Flight Lieutenant Wales of the RAF is causing controversy with his Falklands post.
Prince William, the second-in-line to Britain’s throne, is stirring angry feelings with his posting, expected next year, as the 30th anniversary of the start of the Falklands War occurs in April of 2012.
In 1982, Argentina’s military junta invaded the islands. Britain sent in its military and thus the Falklands War began. The Queen’s son, Prince Andrew, fought as a pilot of a Sea King helicopter of 820 Squadron on HMS Invincible. It is inevitable, then, that the Argentinians would not look favorably upon the arrival of his nephew 29 years later.
The Ministry of Defense has said that the Duke’s deployment is “routine” and “forms part of a normal squadron crew rotation”. Argentina, however, is intensely irritated.
Relations between Britain and Argentina have long been rocky – most of the Argentine settlers on the islands were expelled by a US warship in 1831 and a British expedition took control of the territory the following year. British sovereignty was declared in 1833, but Argentina has disputed this claim ever since. They even refer to the islands by a different name: the Spanish “Malvinas”.
The Royal Family decamps to their Norfolk estate of Sandringham each Christmas season, and this year Duchess Catherine is having a go at her first Sandringham shoot .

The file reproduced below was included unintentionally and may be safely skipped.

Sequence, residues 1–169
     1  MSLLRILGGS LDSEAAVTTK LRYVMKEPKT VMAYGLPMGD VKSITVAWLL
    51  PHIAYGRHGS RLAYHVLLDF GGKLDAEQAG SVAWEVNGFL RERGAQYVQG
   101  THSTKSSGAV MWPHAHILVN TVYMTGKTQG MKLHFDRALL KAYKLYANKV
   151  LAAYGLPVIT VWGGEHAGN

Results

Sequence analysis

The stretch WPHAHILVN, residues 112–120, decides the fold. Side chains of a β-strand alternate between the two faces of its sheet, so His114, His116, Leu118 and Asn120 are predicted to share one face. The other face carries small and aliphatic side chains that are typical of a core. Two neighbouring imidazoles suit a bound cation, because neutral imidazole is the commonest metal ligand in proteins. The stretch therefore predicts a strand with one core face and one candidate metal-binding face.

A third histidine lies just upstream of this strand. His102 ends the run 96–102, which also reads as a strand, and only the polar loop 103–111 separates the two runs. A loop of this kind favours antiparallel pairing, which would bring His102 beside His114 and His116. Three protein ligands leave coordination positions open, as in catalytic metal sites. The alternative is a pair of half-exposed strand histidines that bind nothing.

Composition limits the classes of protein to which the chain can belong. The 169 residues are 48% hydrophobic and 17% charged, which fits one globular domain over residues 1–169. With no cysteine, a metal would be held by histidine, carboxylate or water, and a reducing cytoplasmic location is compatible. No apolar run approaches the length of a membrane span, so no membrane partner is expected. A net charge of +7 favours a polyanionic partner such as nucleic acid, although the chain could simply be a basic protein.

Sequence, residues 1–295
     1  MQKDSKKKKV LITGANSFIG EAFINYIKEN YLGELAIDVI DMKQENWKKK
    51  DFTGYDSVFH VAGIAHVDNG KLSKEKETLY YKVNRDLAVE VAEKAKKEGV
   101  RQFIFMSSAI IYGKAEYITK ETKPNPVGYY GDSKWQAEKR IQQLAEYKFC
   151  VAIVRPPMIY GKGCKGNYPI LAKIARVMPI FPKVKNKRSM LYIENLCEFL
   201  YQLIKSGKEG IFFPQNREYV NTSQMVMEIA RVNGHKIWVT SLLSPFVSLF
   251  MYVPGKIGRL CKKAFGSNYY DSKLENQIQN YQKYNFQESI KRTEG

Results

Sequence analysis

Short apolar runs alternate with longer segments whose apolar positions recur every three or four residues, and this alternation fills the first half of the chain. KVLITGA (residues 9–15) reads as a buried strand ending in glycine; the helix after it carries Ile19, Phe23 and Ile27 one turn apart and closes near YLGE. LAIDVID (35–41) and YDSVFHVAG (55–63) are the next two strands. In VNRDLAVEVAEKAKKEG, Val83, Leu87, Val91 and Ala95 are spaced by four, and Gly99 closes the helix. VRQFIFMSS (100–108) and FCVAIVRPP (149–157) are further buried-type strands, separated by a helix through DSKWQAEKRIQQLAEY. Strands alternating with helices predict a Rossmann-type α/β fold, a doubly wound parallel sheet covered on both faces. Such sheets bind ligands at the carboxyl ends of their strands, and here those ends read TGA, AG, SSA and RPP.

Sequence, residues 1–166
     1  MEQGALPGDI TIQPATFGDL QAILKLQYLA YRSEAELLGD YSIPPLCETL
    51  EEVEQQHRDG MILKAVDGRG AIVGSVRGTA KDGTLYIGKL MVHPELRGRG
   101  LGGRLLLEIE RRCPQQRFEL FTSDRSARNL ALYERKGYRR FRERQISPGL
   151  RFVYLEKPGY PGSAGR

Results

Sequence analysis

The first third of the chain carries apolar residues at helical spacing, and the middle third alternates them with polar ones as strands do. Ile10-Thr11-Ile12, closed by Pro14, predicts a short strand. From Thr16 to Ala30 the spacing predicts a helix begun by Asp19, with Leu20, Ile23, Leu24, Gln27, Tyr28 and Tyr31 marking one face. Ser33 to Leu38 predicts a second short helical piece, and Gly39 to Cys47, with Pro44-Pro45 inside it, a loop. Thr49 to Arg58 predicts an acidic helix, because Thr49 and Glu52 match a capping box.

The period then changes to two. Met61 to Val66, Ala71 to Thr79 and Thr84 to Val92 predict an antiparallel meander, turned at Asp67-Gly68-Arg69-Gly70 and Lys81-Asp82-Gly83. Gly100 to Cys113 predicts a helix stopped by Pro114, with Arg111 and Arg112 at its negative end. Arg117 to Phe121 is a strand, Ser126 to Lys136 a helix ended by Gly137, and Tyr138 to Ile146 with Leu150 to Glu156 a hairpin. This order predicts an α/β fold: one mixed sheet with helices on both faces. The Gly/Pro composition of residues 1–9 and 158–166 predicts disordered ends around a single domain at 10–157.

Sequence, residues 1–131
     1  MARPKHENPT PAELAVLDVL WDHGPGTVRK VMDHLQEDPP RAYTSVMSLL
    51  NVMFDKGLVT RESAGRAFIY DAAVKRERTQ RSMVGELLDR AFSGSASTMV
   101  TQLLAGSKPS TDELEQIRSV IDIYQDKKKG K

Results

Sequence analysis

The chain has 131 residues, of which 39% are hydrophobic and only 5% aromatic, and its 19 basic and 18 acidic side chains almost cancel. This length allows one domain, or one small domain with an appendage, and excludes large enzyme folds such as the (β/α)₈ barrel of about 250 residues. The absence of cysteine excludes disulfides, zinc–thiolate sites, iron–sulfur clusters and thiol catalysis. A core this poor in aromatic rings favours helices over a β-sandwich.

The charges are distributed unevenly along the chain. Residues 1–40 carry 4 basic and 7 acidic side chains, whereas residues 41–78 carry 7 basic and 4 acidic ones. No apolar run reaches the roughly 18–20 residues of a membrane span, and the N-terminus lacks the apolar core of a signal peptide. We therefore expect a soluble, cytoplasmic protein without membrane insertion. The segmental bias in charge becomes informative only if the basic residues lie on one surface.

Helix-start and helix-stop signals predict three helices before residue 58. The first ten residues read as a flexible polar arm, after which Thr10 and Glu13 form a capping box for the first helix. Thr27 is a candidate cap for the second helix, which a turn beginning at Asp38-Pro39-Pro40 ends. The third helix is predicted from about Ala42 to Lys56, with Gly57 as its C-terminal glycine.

Naturally, she will want to put her best foot forward, and it’s been reported that the newly minted Duchess is keen to hone her skills before the traditional Boxing Day pheasant shoot. She has been receiving shooting lessons from Prince Charles’ hunt attendant.
Duchy Out In The Open
A judge’s ruling states that the Duchy of Cornwall is not a private estate, but a public authority. The duchy, which provides the prince with his income, will now be subject to significant public scrutiny.
An information tribunal declared that the duchy must release information about its activities as they affect the environment, but Prince Charles and his lawyers had blocked attempts to access certain files regarding a controversial non-native oyster farm. They said that they didn’t have to release the information because the duchy is a private estate. The judge didn’t buy it.
The Duchy is around 53,628 hectares (207 square miles) of land spread over 23 counties, most of which covers Southwest England. The duchy has traditionally provided income for The Prince of Wales, and the current incumbent is no exception.
From the Duchy of Cornwall’s official site:
The Duchy estate was created in 1337 by Edward III for his son and heir, Prince Edward (later known as The Black Prince) who became the first Duke of Cornwall. The Duchy’s primary function is to provide an income from its assets for The Prince of Wales.